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4 Signs You’re a Micromanager in Your Projects

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4 Signs You’re a Micromanager in Your Projects

By Yasmina Khelifi, PMI-ACP, PMI-PBA, PMP

Are you a micromanager in your projects? Of course not! (Who would answer “yes” to this question?)

However, after 20 years of work experiences with several managers and project managers, I’ve met micromanagers—and I was also one of them.

Let’s review some language that reveals repetitive micromanagement behaviors observed during my career…

1. “I want to help you.”

A few years ago, I had a micromanager. He was full of good intentions and always wanted to help me. He liked to brainstorm together, whereas I needed to brainstorm alone first and then share with the team. Without knowing it, he was stymying my creativity and motivation. I tried to explain to him I preferred to work independently and that I would come to him when I needed to, but he was offended by that as he wanted to help—and at the same time know it all. Ultimately, although the work was interesting, I left the team. His help was counterproductive.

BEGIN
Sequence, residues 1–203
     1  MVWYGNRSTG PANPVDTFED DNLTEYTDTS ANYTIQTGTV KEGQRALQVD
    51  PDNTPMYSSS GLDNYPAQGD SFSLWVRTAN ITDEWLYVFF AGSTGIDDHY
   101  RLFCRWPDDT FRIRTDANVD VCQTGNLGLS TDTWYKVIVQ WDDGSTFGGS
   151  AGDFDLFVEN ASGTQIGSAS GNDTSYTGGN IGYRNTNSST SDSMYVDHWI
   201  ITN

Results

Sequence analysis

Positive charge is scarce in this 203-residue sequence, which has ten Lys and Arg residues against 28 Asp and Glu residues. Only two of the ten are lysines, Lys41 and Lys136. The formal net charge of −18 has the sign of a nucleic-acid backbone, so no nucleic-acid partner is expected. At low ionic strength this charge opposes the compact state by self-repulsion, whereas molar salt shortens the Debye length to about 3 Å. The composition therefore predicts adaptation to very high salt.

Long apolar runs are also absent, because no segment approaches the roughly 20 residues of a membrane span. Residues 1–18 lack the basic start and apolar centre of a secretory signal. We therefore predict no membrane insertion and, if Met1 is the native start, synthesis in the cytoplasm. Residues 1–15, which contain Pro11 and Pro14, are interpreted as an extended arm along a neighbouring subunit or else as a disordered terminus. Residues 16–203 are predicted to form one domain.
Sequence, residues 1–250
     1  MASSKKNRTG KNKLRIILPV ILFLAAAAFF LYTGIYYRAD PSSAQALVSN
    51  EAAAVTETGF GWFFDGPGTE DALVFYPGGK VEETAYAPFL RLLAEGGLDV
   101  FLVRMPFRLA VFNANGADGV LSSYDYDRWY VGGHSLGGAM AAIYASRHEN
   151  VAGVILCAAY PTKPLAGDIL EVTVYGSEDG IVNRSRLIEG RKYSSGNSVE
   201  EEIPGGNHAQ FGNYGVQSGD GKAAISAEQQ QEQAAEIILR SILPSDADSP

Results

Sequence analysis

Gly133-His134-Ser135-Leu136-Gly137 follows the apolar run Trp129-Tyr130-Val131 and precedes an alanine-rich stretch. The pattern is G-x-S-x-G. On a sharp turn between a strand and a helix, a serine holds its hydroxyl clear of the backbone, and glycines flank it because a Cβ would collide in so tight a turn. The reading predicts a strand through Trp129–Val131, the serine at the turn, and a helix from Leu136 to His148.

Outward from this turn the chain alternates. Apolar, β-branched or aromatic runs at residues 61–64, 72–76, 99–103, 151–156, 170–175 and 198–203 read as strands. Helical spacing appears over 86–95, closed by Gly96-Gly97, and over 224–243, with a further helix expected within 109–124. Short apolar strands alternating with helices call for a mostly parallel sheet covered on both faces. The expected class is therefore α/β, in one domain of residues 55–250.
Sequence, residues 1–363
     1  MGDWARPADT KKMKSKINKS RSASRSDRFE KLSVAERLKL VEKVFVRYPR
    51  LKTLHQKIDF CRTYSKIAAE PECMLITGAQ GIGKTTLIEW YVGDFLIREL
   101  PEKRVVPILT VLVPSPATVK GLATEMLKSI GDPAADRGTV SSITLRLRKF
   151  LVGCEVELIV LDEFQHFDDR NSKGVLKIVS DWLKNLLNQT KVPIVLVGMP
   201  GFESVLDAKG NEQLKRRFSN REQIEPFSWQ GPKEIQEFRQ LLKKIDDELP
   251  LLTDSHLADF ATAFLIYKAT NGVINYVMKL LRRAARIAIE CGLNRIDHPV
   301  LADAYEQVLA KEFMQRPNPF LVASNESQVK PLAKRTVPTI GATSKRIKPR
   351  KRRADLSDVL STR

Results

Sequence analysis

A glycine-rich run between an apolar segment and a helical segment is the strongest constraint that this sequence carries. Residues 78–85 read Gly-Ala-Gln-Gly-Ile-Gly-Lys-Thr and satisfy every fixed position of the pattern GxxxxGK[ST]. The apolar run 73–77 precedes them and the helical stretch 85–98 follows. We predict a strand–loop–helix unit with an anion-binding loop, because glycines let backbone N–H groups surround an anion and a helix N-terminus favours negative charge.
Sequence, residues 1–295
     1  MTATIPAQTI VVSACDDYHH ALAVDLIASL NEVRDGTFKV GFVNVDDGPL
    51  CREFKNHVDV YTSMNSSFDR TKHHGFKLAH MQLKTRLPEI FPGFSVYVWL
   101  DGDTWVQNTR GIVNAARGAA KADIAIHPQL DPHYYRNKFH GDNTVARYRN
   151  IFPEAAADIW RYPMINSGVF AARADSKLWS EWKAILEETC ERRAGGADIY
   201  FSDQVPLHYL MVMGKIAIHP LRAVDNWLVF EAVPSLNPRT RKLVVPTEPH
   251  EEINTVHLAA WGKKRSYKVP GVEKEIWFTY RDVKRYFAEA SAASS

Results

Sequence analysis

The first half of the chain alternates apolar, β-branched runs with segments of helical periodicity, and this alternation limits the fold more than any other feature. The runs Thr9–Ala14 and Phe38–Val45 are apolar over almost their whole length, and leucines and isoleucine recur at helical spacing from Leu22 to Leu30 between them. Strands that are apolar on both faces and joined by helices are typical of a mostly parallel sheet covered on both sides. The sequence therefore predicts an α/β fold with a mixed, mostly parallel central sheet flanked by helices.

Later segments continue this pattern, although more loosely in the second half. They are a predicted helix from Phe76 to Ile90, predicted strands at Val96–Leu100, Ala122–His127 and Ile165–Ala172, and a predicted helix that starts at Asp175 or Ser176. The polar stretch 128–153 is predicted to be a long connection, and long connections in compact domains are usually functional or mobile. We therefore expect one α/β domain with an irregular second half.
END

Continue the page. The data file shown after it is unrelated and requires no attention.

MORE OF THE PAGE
I’ve also proposed (even insisted) offers of my help to colleagues; now I try to refrain from doing that, remembering that manager.

2. “You are responsible for this work package—it would be good to do this…”

I worked with a very competent technical project manager who wanted to know the details of the work. He once assigned me the management of a study with external stakeholders. He delegated the work package to comply with good management rules—but couldn't help interfering because he had a precise idea on how to do the work. I asked him if he wanted to manage it himself. My question waked him up, and he was less intrusive.

When I managed my first software project, the sponsor wanted to know everything. He asked me questions, which I transmitted to the software engineers. They answered them reluctantly, complaining that we should let them define the way they wanted to implement the product. They considered it a lack of trust, which generated conflict.

3. “Don’t forget to ask her to call us if she needs more information.”